Better education for autistic students sought after
One of the hardest problems people have is understanding autism, not only in homes but in the education system. Autism New Zealand national education manager Neil Stuart and Autism New Zealand national educator Tanya Catterall spent a day in Invercargill running their Tilting the Seesaw training for 19 Southland teachers with autistic students.
Family Works family/whanau worker and parent Shona Cook said the training in the region was valued. From preschool aged to adults, Cook said different courses in the region were sought after. “We talked (in the course) about how it’s our responsibility to help and understand,” she said.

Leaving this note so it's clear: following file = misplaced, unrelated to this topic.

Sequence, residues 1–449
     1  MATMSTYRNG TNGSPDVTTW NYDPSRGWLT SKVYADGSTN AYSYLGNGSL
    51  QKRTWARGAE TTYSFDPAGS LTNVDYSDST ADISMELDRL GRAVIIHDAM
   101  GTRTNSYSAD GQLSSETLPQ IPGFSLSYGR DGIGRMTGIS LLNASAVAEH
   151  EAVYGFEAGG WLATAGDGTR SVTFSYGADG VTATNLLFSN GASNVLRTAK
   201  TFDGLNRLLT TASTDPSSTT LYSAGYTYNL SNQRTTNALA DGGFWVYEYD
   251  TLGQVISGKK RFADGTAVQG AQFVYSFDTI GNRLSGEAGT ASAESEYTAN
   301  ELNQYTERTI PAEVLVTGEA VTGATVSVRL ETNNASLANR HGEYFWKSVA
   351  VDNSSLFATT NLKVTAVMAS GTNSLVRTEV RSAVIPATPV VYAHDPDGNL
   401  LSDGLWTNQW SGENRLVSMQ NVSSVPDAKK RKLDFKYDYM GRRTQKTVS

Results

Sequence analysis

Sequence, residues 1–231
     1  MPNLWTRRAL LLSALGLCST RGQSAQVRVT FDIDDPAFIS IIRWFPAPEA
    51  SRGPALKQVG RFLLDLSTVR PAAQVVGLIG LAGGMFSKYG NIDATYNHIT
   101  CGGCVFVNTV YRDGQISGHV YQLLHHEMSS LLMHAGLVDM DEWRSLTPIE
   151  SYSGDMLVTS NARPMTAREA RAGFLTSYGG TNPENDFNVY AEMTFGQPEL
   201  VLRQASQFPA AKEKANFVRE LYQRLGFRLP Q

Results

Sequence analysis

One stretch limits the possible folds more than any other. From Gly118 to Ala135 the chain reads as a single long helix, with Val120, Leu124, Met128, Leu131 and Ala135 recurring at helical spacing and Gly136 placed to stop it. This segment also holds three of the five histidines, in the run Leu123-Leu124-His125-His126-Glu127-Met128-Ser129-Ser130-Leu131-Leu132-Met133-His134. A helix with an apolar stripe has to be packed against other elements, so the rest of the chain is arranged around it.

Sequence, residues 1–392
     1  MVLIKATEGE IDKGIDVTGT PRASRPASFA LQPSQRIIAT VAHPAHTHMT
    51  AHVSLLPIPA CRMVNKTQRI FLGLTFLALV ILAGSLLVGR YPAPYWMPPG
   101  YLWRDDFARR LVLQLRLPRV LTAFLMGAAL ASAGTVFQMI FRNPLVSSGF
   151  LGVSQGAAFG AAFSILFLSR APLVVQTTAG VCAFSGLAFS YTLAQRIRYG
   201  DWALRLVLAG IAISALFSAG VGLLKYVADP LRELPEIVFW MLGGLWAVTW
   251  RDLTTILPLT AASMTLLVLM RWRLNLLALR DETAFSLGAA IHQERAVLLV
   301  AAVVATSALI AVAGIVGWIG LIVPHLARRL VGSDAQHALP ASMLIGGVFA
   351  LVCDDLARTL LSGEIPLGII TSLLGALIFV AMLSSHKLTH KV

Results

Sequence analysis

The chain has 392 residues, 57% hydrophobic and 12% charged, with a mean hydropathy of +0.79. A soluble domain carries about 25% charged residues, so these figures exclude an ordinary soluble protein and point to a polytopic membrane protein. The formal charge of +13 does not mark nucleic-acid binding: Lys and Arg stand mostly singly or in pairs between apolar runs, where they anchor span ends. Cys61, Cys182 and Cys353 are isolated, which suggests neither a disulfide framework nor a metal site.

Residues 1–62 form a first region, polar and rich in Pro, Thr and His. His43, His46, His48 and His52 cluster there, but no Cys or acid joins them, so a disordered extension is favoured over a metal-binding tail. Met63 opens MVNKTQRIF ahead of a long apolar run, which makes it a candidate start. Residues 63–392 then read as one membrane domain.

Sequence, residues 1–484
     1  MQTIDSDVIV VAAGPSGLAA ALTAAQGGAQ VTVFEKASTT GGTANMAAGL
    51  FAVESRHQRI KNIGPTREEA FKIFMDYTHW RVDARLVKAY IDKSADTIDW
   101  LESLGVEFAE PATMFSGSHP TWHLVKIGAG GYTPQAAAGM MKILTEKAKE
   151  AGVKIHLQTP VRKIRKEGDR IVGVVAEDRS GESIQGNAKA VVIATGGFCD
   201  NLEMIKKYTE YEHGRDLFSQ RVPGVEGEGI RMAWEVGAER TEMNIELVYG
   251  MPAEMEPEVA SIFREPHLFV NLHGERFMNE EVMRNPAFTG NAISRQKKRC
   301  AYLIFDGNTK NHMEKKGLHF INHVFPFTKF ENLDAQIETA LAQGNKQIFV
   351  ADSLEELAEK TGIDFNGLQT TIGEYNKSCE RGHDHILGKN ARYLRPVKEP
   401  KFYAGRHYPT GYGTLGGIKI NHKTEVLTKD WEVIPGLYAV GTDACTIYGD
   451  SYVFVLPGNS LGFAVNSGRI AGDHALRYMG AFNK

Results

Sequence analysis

Catterall, who has an autistic child, said with Stuart as the expert, and herself, educators got a rounded view of the condition and how to deal with it, she said.
The duo travelled the country every week to hold seminars, she said. “The biggest thing is understanding autism.” The programme made teachers uncomfortable so they would understand for themselves what it is like to have autism with analogies, metaphors and stories, she said. “We try to make it light-hearted and fun … we are really big on play.” Catterall said “the scary thing” was that New Zealand did not have statistics of autistic children and the severity of each person. Autism New Zealand based its research off the United States, which recorded one in 68 children were autistic, she said.
Autistic people think things are a s fascinating as people, but it is sometimes hard to process everything going on, Stuart said.
Autistic children don’t have a sensory filter, so noise and sound could overwhelm them, he said. But each child is different and the course was about understanding the scale of the condition. “We know autism and the strategies but you know your child.”
By Rebecca Moore, taken from the Southland Times 28 March 2017.